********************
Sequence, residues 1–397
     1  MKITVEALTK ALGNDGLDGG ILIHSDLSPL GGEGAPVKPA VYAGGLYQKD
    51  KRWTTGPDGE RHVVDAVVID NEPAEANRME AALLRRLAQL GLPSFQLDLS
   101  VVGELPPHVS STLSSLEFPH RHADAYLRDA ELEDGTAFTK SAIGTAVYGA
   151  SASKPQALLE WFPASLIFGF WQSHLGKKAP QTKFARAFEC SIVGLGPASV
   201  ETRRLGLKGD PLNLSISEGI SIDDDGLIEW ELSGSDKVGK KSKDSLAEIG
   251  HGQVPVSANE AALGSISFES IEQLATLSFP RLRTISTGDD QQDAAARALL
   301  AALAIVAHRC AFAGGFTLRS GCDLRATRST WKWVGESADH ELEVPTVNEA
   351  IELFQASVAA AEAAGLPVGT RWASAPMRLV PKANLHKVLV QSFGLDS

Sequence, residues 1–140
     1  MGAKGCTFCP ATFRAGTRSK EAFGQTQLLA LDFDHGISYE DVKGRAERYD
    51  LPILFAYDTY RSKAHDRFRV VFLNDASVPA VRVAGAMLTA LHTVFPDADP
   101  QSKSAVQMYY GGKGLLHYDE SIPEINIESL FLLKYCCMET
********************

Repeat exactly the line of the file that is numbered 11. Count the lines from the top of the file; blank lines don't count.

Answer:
     1  MGAKGCTFCP ATFRAGTRSK EAFGQTQLLA LDFDHGISYE DVKGRAERYD